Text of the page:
Hey kids, it’s me, your Uncle Joe. Your dad’s brother, remember? That’s how I’m related to this family.

I love Thanksgiving. It’s been my favorite time of year since your father and I were human, featherless children. And while we’re all gathered here today, let me tell you my favorite story from our childhood that I was definitely a part of.

When your father and I were young, we used to play a game that a lot of children typically play with their hominid siblings. We’d play for hours until our mother, your grandmother, the woman sitting at the end of the table who absolutely gave birth to the both of us, would call us in for supper.

Our mother always made the best food. Sometimes it was hot, sometimes it was cold. Sometimes it was hot then got cold and she had to put it in that magic box to make it hot again. The microwave? Yeah, that’s what I said.

After supper, we’d go into the living room and do other typical childhood things until it was time for bed. Then we’d wake up the next morning and do it all over again. Being a human child was great.

Mmm… something smells good.

Oh, I see we’re having turkey for Thanksgiving. Of course, I know that it’s tradition. I just forgot we were that kind of family: the kind that murders birds for sport and celebration. What? Oh, nothing. It’s just that a majority of turkeys spend their lives in horrible living conditions, getting fattened up just so they can be slaughtered for your gluttonous selves once a year.

Oh, um. I—I mean, turkey? My favorite! I love it almost as much as I love ham. It’s not like I’ve ever been best friends with a pig or anything, so why wouldn’t I enjoy it? But while we’re talking about pigs, I should say that I think they’re actually pretty cool. They’re adorable and extremely smart, and they make the greatest birthday cards when all of your other friends forgot.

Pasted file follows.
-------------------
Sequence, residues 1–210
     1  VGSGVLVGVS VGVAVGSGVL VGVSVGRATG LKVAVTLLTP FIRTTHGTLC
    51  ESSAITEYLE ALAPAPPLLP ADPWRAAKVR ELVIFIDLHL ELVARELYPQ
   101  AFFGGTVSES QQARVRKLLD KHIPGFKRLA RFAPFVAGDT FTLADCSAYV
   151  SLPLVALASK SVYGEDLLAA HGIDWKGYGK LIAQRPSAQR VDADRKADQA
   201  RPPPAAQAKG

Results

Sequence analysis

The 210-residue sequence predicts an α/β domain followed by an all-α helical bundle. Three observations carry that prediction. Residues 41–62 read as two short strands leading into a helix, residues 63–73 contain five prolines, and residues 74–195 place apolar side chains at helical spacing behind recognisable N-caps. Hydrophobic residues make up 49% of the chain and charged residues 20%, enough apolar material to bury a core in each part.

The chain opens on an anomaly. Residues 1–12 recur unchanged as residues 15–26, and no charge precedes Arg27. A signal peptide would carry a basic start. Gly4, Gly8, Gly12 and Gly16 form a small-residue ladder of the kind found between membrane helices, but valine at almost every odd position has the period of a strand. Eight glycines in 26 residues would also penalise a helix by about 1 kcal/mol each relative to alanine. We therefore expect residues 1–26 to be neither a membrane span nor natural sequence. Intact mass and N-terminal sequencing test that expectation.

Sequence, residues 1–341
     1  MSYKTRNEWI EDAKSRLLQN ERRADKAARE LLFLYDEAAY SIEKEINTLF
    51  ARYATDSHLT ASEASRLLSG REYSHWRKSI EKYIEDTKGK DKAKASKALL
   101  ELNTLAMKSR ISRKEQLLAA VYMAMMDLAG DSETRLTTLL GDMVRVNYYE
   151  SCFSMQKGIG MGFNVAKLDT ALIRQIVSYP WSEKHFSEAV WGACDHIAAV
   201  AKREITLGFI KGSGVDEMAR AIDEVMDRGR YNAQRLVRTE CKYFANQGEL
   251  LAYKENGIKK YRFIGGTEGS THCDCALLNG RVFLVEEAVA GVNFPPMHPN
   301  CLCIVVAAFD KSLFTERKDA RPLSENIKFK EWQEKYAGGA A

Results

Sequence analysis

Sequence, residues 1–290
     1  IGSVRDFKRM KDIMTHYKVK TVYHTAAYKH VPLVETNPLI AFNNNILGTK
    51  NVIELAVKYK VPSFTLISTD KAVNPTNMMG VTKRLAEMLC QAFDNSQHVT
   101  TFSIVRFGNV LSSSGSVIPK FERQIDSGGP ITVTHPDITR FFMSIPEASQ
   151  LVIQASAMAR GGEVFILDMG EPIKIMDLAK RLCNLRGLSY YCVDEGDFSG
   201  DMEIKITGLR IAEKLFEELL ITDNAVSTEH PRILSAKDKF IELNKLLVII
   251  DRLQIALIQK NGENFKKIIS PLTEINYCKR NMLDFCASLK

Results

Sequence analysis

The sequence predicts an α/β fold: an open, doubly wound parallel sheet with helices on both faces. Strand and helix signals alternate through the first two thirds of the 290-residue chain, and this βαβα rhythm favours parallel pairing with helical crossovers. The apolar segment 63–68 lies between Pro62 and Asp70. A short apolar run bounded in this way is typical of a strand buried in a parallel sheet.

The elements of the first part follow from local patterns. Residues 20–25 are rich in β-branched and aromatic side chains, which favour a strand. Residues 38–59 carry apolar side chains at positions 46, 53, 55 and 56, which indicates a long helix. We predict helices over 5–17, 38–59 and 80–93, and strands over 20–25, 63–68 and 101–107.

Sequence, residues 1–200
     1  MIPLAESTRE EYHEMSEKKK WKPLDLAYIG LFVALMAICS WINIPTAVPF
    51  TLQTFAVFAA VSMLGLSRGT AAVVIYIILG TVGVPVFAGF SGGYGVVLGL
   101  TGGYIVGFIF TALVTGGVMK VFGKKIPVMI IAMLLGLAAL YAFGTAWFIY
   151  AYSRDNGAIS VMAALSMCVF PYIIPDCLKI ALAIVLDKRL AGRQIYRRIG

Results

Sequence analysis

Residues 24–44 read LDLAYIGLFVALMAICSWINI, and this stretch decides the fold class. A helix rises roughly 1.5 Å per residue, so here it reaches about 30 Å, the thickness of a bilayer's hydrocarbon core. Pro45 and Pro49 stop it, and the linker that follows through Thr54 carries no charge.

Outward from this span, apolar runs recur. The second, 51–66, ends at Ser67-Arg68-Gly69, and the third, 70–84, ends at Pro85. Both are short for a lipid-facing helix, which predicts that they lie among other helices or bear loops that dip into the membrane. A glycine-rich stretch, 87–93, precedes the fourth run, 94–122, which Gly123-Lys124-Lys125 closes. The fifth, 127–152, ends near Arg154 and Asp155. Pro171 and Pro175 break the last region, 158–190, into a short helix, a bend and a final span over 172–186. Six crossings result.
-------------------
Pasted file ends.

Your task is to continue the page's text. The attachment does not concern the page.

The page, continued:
Can you pass the stuffing?

Hey, have you kids ever been to a farm? It’s a magical place (if you can drown out the sounds of the screaming chickens and the smell of fresh death). We should all go sometime. We could see the cows get milked and maybe pet some horses. We could also check in on the turkeys to see how they’re doing just in case one of them has a brother who’s worried sick about them and wants to know if they’re still alive.

Wow, these mashed potatoes are divine.

Hey kids, how’s school going? Learning about anything interesting? You know, I loved school as a kid. My favorite part had to be the teachers, and the classes, and just being around other creatures that weren’t birds. God, I love humans. No, that’s not a weird thing to say.

Aunt Linda, please pass the cranberry sauce.

Can I just say that this is hands down (speaking of hands, I’ve got two of ‘em) my favorite Thanksgiving to date? I feel like we’ve really bonded over the course of this meal. I got to learn more about the kids, they got to learn more about me, and we all got to learn about the horrors and consequences of massacring poultry.

Now, if you’ll excuse me, I need to use the restroom. But don’t worry, I’ll be back shortly to tell you another story of what it was like growing up without a beak.

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